“This work of fiction surrounding the circumstances of a massive earthquake in Tokyo is based on tremendous amounts of research and verification. Striving for a sense of realism, many simulations were thought of to create this original story. However, circumstances may be different from the real thing.”- goes the disclaimer for each episode. And sure enough, their tremendous amounts of research really shows - from the minutely detailed opening sketches to the gorgeous background art, disaster-impact scenes and scientifically accurate depiction of related events - this series is a winner, no doubt about it. However, as is the case with stories involving calamities and tragic warfare, you only feel the actual gravity of the whole thing once you start believing it's real. Call it appropriate timing, but watching TM 8.0 at a time when an actual close- range earthquake is taking place in real-life Japan, makes the anime a bone-chilling experience for the viewer. You see the great buildings collapsing like dominos, the beautiful Odaiba bridge twisted and torn like a flimsy sheet of metal, the famous Tokyo Tower uprooted in its entirety - and you cannot help but shudder thinking about the level of destruction taking place before your eyes.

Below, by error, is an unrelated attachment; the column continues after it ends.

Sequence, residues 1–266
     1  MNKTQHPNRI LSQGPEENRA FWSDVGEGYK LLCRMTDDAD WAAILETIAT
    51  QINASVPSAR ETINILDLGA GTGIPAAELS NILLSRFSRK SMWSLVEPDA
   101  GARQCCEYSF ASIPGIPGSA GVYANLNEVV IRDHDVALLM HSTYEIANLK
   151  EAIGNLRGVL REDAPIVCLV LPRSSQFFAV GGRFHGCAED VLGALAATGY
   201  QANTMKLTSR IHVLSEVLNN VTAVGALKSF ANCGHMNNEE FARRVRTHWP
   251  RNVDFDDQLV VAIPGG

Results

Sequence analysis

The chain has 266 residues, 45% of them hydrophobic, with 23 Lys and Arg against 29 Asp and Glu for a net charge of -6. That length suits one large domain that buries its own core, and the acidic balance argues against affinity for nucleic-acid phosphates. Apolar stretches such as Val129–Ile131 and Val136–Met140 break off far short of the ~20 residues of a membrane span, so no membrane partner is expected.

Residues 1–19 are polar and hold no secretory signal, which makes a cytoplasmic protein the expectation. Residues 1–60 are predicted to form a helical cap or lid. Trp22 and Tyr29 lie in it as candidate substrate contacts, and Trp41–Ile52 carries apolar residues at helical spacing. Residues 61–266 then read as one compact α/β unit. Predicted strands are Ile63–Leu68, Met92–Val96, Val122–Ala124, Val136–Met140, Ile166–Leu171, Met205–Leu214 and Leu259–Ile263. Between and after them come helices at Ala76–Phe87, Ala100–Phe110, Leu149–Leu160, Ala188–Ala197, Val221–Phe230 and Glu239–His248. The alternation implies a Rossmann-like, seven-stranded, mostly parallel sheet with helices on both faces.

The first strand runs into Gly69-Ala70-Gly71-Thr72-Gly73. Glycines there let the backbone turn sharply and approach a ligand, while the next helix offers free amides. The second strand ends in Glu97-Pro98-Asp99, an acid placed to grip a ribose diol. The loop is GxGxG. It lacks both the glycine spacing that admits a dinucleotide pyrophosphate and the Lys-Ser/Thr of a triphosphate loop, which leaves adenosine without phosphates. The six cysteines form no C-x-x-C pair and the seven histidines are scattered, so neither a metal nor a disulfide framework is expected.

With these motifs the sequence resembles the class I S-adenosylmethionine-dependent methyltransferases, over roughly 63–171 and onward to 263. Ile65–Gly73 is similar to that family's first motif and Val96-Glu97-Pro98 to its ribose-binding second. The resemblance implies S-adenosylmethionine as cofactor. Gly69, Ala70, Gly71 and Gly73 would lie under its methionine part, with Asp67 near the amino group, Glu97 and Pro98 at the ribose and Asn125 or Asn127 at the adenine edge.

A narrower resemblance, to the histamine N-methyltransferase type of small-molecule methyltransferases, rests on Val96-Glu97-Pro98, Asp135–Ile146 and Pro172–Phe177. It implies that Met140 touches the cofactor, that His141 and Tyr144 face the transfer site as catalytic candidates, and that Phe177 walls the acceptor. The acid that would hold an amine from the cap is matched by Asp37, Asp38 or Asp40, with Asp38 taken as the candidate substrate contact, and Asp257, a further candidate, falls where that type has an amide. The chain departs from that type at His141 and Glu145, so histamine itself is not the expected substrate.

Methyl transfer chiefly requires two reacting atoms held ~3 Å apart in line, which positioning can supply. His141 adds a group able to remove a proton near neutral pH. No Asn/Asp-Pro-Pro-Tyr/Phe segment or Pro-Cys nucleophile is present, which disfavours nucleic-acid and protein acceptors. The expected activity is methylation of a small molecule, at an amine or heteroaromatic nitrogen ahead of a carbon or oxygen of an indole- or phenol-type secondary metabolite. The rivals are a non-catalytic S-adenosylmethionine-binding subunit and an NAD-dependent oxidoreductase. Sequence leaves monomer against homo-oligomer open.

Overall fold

Thanks to the staff's meticulous research and hard work, the depiction of scientific and geological events are flawless, bearing uncanny similarities in many cases to the real thing (the death toll, the magnitude, the epicenter being in the northern region, the aftershocks, tsunami and fire. The only element left out is probably the nuclear crisis). But then again, as many critiques say, the real magic of the anime lies mostly with the 'human' element rather than the depiction of mass-destruction. We see the lament of people who have lost close ones, the panic-stricken people pushing and shoving past others like selfish little beings. They get into fights trying to get ahead of others. And yet these same people are seen growing stronger with each passing moment, dealing with their grief by helping others, encouraging those who have nearly lost all hope. Like the little plant that got nearly crushed by a storm and yet dreams of standing up once again, this anime conveys the message of everlasting hope. And when you watch it, even a little, you start feeling for its simple-looking characters and their simple yet intensely human emotions.